Last week the EPA rejected the Texas flexible air permits citing violation of the Clean Air Act. The Wall Street Journal reported on June 30 that Texas has "121 facilities operating under flexible air permits...including some of the nation's largest oil refineries...". The flexible air-permit program has been in place in Texas for 16 years but now the EPA has decided that it doesn't meet the Clean Air Act requirements.
The WSJ reports:
The federal agency proposed striking down the so-called flexible air permits issued by the Texas Commission on Environmental Quality, or TCEQ, last September, saying they violate the Clean Air Act. Under the act, all states have to develop a state implementation plan to meet federal requirements to protect public health. The move won't require oil refiners, chemical and plastics makers, and others to shut their plants immediately, but will force companies to meet stricter regulations in order to earn new, more detailed permits.
These upgrades could cost millions and the costs would naturally be passed on to consumers. Governor Rick Perry in Texas blasted the move:
"The EPA's irresponsible and heavy-handed action not only undermines Texas' successful clean air programs, but threatens thousands of Texas jobs, families, businesses and communities throughout our state," Perry said in a statement. "It will also likely curtail energy supplies and increase gasoline prices nationwide."Some of the refineries affected by this order include Shell Oil, Valero, Exxon-Mobil, and BP. How expensive would it be for them to shut down and move to more business friendly shores, like Venezuela? For right now, Shell Oil, for one, is saying they'll take whatever steps are necessary to keep working, but for how long? How onerous will these regulations continue to be?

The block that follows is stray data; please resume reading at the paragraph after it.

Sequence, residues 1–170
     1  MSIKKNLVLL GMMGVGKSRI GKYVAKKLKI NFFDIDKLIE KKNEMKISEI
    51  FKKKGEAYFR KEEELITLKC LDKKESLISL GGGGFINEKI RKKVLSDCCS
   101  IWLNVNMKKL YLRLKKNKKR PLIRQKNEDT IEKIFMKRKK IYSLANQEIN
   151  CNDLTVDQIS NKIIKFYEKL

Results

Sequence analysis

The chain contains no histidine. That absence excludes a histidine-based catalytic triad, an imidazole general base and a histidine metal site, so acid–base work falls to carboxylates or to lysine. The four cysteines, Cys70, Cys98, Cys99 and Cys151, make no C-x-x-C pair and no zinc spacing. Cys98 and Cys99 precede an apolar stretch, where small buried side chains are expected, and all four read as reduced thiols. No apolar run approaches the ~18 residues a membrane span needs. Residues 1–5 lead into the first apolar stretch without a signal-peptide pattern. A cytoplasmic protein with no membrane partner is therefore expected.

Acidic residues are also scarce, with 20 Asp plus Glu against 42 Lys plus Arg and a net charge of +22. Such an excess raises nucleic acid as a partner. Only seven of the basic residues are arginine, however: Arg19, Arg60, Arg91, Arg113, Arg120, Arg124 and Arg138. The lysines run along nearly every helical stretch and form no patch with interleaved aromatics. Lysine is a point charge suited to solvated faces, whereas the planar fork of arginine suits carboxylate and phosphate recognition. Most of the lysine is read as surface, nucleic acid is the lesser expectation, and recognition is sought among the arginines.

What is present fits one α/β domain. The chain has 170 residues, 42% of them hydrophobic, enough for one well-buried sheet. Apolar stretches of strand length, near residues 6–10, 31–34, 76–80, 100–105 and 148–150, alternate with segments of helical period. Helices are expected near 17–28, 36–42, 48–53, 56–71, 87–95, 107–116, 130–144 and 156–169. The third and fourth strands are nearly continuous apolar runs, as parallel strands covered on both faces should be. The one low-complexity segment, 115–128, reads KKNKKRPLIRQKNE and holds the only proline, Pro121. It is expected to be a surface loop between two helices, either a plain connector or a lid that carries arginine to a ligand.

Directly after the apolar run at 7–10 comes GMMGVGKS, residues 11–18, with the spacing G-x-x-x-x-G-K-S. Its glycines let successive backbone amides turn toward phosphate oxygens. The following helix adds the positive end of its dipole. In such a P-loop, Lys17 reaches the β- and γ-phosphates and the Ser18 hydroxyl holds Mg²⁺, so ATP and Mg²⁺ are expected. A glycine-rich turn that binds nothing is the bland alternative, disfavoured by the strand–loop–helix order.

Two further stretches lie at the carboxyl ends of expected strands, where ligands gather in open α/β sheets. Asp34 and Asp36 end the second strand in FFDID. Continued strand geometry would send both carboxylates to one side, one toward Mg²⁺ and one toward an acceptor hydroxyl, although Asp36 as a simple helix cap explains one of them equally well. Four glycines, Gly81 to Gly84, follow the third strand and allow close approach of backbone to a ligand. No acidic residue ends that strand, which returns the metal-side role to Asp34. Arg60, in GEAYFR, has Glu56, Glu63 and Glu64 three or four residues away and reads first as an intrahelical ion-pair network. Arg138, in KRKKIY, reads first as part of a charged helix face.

It's not just Texas that is under fire. I mean, that would look like Obama has it in for the Gulf coast or something.
The New York Times today reports the EPA will announce rules "for smog and soot-forming emissions from power plants, setting up the start of a rulemaking process that could influence Senate negotiations on an energy and climate bill."
Here we go back to cap 'n tax.
The cost for putting these new emissions rules in place?
The cost of compliance to utilities and other operators of smog-belching power plants would be $2.8 billion a year, according to E.P.A. estimates.
Guess who gets to pay that?
Jim Hoft reminds you of Obama's pledge to put coal companies out of business:
Of course, that $2.8 billion will be passed on to the American consumer each year. As Obama said in 2008, these new policies will necessarily cause electricity costs to skyrocket.
And just think… It seems like it was just yesterday when Barack Obama was praising the coal industry at a West Virginia coal miner memorial knowing that these policies were on the table.
Yet they voted for him anyway.
All of this is intended to ratchet up the pressure on the Senate to get moving on cap 'n tax where the legislation is stalled and is likely to remain that way. Environmental reform is one of Team Obama's main agenda items, though, and they'll keep tightening the screws until they get what they want, or until the fall elections finally shut them down.